We actually have two pros, one is the managing director for the company and the other is a teaching pro and also works the pro shop.  A couple of other part time help also works the shop, and a couple of kids run the carts, pick the range, and wash balls.  On weekends we have a starter who also acts as a ranger, and we have one other ranger.  There are several volunteers performing these jobs for playing privileges.  The management company has a Greenskeeper and they hire course workers for maintenance.  The management company has a similar contract with a different muni in town and equipment like verticut machines are shared.


That is a great way to handle the concern of pay from the government entity controlling the municipal course.


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I always enjoy slow play threads and conversations. What people enjoy and hope for when playing 18 can vary so much. It's fun to read.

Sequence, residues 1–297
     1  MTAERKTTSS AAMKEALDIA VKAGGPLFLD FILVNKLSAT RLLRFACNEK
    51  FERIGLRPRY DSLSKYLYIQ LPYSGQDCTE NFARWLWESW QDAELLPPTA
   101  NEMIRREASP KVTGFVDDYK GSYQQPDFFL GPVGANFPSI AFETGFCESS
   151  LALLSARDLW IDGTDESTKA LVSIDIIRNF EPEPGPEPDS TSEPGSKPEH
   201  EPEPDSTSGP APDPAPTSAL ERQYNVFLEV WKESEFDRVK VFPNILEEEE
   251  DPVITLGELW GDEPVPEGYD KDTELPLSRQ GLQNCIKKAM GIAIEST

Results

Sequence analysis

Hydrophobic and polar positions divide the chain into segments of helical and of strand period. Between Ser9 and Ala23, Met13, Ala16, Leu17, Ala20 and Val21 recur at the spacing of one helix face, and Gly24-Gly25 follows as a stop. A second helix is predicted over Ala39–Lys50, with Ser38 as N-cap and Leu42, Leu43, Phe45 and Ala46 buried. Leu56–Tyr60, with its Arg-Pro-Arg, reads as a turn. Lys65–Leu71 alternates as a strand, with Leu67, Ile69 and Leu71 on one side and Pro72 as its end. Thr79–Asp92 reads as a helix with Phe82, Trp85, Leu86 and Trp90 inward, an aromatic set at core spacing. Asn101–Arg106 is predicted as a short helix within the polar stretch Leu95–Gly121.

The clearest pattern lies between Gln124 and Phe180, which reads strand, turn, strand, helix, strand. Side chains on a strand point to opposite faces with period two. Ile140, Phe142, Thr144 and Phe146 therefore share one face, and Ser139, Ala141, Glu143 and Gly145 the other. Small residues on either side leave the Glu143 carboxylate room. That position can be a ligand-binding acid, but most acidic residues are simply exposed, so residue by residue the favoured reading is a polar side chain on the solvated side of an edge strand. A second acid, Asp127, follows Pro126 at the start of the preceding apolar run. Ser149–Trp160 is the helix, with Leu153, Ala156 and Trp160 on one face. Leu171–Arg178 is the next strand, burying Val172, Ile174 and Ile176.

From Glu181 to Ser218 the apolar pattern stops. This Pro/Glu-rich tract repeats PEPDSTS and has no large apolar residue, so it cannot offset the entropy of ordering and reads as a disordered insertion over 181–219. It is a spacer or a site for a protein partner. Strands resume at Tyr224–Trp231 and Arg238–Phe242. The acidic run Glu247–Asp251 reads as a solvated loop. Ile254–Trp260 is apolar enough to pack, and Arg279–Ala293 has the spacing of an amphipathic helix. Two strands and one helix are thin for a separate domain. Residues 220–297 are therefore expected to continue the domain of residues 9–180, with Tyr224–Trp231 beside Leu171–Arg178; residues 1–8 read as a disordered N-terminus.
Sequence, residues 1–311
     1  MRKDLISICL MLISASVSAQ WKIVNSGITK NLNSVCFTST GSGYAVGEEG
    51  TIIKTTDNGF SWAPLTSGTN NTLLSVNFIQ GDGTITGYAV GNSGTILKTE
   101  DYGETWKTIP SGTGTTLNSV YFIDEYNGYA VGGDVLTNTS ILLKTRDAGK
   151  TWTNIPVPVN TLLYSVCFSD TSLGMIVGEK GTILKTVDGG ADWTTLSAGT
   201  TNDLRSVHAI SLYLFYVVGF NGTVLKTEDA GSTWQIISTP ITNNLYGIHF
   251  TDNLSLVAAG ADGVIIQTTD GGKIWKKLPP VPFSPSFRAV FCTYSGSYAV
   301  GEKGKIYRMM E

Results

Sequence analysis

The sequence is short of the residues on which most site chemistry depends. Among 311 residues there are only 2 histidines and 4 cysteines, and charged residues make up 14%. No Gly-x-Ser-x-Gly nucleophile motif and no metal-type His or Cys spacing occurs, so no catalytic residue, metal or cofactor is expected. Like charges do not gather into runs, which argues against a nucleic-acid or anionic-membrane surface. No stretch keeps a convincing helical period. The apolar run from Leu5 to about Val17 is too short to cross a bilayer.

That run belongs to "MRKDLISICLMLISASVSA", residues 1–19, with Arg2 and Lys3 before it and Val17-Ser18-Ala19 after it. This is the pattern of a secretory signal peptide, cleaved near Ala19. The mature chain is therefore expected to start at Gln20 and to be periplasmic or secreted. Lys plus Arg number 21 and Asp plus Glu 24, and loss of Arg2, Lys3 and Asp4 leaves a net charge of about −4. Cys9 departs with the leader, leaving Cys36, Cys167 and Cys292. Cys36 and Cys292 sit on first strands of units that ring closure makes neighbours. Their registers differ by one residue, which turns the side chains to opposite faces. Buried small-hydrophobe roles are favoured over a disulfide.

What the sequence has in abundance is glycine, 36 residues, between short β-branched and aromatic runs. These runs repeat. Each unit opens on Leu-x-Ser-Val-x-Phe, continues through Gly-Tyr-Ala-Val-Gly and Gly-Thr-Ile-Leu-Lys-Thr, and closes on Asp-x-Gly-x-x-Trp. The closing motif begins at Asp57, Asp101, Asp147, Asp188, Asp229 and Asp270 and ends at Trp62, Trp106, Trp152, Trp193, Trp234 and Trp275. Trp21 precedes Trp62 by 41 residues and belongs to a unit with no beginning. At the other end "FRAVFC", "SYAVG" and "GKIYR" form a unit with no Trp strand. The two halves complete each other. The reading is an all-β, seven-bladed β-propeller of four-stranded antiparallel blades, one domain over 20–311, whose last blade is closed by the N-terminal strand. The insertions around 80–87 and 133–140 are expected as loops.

Personally, slow play drives me crazy. I lose my mental rhythm and struggle to finish a round. I don't play Tee times after 7:30am on weekends for this very reason, and will call to ask before playing any weekday rounds. If I have 5-6+ hours to play, I'd rather play 27 holes at a regular pace than sit and wait before every shot. 

There are a lot of contributing factors to slow play. Ultimately I think the course is responsible for holding people to a pace they find acceptable. If they are OK with 18 holes taking 6 hours, I'll likely take my business elsewhere. They are not obligated to match their rules to my opinions.

General human decency should be enough for people to sort things out between themselves on the course. If you're walking slow on the sidewalk, you don't prevent people from passing you. Why would letting someone play through on the golf course be any different. It doesn't always happen, but I find most people pretty reasonable if you approach them nicely.